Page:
Sure, efforts to go paperless have taken a while, and it hasn’t been easy. But Benson isn’t alone in pushing for change; the trend to go paperless has been picking up steam by others in the past five years.
The records center at one point was receiving an average of 5,000 boxes of documents per year. But as more departments have moved to electronic workflows, boxed documents trucked into Sand Point have decreased dramatically. During the pandemic, the flow of paper slowed to a trickle because many more documents had to be handled electronically. Also, some departments relied less on paper because they were already using UW-IT’s EDM service.
What is of serious concern is that some units and departments across the UW have been storing their electronic documents locally. This independent and decentralized storage poses risks that can be avoided with the new EDM service.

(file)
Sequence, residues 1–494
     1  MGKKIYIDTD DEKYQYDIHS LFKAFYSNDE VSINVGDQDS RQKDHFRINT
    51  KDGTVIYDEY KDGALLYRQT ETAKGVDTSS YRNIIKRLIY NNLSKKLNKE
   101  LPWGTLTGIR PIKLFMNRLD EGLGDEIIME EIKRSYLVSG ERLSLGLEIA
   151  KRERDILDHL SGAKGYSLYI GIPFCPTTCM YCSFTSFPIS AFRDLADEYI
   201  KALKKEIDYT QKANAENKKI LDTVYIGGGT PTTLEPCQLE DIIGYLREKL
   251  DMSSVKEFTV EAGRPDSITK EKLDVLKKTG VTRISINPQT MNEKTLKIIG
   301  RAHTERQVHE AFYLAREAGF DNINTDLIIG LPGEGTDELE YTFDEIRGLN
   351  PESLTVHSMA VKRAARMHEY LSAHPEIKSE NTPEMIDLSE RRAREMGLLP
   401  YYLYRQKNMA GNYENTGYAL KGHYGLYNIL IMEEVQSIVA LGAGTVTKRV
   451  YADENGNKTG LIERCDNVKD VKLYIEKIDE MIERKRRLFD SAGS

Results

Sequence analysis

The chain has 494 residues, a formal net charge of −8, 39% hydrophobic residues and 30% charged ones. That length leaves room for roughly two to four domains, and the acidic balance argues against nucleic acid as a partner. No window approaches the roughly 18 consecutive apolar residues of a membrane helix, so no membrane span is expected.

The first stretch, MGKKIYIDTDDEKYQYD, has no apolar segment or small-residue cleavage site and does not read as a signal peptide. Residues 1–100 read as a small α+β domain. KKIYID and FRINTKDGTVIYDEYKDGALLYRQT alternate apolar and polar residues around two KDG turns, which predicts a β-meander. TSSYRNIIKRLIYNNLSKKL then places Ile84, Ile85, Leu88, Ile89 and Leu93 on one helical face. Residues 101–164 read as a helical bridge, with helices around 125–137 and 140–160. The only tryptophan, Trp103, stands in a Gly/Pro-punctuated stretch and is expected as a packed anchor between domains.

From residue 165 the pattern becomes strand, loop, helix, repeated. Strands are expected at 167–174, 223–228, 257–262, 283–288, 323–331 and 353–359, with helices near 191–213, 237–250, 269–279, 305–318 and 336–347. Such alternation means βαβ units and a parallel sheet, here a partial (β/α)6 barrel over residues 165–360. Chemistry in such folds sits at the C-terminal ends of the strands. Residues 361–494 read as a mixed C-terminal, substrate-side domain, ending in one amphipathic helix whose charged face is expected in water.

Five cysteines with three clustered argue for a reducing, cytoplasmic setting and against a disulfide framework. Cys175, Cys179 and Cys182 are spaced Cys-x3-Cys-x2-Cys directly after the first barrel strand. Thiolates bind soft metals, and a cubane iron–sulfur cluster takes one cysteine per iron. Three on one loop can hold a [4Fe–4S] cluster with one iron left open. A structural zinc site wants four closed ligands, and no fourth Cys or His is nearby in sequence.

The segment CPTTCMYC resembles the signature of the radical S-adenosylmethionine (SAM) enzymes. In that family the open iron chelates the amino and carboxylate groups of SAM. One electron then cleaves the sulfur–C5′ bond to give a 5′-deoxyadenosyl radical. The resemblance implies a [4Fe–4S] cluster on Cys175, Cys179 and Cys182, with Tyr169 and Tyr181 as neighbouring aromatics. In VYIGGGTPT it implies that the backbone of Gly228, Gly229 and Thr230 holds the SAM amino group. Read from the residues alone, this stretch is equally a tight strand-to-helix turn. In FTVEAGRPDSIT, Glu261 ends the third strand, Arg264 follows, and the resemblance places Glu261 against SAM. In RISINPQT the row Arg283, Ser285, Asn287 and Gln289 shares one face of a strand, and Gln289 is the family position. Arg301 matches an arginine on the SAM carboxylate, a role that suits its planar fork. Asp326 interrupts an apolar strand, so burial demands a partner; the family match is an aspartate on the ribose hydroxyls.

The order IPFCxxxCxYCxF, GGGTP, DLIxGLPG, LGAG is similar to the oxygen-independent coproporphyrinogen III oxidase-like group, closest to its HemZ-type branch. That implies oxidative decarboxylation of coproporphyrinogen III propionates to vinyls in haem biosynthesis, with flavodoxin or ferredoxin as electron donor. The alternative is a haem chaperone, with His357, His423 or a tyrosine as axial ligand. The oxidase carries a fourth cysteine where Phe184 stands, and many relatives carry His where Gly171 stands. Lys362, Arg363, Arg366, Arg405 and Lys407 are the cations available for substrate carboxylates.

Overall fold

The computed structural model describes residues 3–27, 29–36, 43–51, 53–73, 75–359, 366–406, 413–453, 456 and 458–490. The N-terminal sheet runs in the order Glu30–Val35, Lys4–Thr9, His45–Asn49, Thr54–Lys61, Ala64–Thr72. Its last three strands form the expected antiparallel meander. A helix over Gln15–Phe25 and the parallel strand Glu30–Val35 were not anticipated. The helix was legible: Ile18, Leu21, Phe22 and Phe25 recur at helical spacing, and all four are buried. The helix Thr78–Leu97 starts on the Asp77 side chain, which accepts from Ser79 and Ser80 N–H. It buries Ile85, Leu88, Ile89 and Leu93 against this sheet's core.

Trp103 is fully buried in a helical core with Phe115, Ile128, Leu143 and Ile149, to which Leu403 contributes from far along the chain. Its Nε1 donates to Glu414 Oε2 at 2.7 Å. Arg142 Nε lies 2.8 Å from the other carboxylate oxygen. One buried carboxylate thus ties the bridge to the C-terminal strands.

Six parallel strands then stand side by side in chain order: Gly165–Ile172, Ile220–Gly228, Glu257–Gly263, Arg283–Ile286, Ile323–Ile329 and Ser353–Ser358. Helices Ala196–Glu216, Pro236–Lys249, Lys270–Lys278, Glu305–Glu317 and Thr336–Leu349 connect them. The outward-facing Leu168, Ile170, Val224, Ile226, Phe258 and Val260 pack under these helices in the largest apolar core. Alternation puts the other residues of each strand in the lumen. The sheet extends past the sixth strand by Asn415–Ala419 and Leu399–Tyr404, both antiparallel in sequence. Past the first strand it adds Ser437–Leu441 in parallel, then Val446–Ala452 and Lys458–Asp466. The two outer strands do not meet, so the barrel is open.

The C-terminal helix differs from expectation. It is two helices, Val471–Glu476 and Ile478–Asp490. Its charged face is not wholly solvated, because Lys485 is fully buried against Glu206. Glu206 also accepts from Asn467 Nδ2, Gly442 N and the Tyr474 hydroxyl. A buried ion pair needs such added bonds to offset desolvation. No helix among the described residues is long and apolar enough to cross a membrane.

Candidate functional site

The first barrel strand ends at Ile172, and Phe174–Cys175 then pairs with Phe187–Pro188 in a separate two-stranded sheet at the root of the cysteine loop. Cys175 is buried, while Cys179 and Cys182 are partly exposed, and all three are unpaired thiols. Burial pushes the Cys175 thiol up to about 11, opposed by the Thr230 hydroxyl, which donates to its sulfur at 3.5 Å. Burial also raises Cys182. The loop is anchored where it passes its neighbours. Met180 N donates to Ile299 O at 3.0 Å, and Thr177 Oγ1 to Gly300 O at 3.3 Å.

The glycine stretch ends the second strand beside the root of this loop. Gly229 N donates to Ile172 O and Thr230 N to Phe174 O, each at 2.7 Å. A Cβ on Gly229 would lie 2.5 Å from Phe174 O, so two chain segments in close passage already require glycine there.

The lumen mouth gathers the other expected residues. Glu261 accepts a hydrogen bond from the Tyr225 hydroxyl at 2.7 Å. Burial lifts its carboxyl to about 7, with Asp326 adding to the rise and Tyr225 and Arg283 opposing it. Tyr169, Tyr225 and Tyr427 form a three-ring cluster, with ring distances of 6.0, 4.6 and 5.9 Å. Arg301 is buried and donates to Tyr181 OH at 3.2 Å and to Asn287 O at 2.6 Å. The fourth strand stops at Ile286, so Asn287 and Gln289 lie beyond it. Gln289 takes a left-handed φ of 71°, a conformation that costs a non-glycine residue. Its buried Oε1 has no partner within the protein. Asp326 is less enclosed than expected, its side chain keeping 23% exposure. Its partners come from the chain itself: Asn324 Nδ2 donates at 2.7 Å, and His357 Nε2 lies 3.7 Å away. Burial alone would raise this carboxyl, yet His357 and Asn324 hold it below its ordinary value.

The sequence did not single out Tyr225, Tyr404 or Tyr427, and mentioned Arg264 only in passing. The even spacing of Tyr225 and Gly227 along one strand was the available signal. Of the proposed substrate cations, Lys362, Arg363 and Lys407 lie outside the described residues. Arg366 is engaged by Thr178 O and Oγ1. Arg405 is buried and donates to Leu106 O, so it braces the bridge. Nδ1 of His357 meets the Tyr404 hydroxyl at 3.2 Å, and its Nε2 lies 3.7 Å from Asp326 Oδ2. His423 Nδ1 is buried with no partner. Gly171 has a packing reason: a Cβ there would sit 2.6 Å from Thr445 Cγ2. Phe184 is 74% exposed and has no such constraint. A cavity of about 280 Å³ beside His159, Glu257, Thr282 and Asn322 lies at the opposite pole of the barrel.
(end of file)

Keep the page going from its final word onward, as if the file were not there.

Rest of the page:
A system for today’s needs
DocFinity lives in the cloud — where approved staff can find their documents quickly and securely. If an earthquake or fire prevents staff from getting to their offices, they can still get to them from a remote work area. And if a department is audited or someone files a public records request, it’s significantly easier and faster to fetch documents than if they were paper-based files.
A measure of success: Can you find the record you’re looking for, open it, read it, share it with others — and hold on to it for its full retention period? — Cara Ball
A great feature within the new system is that retention periods can be set as soon as an electronic record is entered, and they’re purged automatically when they have reached that point.
Cara Ball, a compliance analyst with Records Management, has an easy-to-remember test to rate the success of any EDM system.
“Can you find the record you’re looking for, open it, read it, share it with others — and hold on to it for its full retention period? If you can say yes to all, then we’re on the way to progress,” said Ball, who helps units and departments comply with record retention schedules and the shift from paper to electronic files. She said DocFinity so far has shown it’s up to the task.